Learn to Play: Boscoe France on Blending Country and Blues Slide Guitar

In Boscoe France's slide guitar playing, you can hear bottleneck blues, the Louisiana soul of Sonny Landreth, country licks better-suited for a B-Bender Tele, and more in a stew of genres and influences.

Perhaps even more impressive than the feat of musicianship is France's ability to tease out all the bits and techniques he's borrowed and updated, explaining how each plays a role in his own style. In our video above, Boscoe stops by the Reverb studio to walk us through this lineage of picking and sliding—starting, as it does with so many players, by being floored by a record and wondering just how they were making that sound.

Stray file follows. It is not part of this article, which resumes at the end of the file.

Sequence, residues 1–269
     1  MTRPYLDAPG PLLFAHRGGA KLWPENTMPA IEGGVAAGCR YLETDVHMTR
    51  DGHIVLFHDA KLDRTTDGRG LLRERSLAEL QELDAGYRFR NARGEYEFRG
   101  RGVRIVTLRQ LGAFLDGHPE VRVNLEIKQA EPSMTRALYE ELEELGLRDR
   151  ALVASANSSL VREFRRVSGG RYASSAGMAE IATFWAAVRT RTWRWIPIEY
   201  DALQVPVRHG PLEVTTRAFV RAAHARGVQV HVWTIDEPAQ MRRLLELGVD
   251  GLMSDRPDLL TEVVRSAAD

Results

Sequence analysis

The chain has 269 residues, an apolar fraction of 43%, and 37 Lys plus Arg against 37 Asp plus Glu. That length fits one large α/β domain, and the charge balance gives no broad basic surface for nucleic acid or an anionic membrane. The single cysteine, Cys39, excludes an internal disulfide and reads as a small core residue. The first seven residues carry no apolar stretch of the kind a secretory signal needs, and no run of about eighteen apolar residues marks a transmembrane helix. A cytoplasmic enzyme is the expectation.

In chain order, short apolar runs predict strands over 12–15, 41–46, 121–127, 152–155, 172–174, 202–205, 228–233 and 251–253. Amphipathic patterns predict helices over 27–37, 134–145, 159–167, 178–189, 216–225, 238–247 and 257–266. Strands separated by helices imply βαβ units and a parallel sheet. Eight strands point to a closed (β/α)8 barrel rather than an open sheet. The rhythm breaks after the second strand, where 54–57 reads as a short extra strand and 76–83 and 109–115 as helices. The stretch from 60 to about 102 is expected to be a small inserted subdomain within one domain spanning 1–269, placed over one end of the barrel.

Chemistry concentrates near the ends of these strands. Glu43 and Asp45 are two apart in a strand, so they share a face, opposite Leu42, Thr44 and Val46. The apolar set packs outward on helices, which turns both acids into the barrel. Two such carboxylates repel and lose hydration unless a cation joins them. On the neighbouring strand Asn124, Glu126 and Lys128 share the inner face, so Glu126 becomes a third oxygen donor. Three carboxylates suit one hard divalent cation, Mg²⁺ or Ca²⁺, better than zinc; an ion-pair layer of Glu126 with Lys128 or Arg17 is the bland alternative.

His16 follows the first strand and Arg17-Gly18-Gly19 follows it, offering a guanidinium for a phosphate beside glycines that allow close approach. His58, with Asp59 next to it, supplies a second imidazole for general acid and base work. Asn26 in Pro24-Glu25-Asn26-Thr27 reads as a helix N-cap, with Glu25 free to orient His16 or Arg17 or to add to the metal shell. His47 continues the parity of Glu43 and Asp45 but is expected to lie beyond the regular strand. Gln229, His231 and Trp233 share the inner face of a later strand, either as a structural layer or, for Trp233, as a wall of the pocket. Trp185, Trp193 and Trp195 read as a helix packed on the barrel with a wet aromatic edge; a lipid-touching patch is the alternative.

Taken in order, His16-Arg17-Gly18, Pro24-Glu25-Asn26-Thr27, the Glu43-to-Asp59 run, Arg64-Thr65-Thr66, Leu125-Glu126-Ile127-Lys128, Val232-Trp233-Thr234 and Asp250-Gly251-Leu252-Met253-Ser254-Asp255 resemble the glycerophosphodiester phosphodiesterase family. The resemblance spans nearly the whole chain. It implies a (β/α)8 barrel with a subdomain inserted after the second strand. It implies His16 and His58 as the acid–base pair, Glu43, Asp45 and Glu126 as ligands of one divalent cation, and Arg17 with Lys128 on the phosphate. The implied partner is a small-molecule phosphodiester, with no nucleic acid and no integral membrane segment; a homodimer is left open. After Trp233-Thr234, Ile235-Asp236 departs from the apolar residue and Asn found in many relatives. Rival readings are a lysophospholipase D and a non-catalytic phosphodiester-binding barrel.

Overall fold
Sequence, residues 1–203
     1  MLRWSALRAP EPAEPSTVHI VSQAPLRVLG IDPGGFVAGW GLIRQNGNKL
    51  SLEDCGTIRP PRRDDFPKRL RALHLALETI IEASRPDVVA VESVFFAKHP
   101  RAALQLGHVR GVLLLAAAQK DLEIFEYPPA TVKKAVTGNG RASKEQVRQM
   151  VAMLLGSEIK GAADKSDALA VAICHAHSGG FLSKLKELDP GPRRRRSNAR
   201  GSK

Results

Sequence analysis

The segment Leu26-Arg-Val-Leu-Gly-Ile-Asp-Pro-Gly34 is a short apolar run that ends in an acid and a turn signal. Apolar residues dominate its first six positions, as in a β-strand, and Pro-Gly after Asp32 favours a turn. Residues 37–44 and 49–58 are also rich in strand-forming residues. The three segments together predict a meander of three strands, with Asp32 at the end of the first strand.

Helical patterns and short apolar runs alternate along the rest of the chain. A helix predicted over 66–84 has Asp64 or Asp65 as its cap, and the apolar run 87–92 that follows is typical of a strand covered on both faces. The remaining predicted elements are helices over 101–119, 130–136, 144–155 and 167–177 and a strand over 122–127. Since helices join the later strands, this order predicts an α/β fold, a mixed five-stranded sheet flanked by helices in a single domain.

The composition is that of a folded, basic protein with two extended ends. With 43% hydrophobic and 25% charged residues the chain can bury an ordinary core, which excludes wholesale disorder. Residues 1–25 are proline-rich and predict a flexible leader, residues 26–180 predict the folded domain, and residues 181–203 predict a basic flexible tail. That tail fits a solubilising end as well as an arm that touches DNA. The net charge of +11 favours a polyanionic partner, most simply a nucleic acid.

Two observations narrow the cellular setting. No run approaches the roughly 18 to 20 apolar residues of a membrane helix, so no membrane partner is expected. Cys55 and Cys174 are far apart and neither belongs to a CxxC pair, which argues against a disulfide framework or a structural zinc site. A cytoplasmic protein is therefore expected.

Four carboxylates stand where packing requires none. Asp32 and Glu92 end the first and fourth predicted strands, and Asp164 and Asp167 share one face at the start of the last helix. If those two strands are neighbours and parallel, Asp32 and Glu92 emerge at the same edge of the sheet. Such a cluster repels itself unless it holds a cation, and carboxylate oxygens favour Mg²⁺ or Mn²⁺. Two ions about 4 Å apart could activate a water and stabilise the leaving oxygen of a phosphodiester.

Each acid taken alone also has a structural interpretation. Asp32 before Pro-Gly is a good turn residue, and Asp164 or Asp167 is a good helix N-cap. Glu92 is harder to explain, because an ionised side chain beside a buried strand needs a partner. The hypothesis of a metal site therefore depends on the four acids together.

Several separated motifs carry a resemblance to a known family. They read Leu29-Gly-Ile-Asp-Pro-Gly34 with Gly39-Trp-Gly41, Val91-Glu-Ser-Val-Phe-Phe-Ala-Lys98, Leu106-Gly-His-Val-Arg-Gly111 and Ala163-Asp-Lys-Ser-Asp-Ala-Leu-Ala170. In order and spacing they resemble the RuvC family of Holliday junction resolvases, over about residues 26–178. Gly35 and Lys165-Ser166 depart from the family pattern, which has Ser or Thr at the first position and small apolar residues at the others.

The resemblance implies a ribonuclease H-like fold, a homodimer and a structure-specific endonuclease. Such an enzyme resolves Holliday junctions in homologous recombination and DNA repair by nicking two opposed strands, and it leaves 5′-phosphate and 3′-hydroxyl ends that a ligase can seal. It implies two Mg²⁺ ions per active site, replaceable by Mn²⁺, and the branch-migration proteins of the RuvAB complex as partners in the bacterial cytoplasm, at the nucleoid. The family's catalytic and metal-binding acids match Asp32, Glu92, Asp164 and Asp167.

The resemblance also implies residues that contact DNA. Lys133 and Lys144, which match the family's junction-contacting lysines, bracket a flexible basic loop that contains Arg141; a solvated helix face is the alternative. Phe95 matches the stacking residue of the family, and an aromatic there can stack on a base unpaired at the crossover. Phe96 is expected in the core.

France talks about how he used to listen to Merle Haggard's lead guitarist, Roy Nichols, and think, "How's he doing that?" Soon enough, France learned Nichols was aggressively bending individual notes while holding others in place, creating his pedal steel–like harmonies.

But then he thought, "Well what could sound more like a pedal steel than a slide?" Using dropped-third fingerings—in which he employs his pointer finger behind the slide—and manual volume swells with his picking hand, he was able to adapt his own Nichols-meets-pedal-steel amalgamation.

This trick is just one of many Boscoe explains above. Be sure to watch the full video, and—if you don't have one already—pick up a slide today.

comments powered by Disqus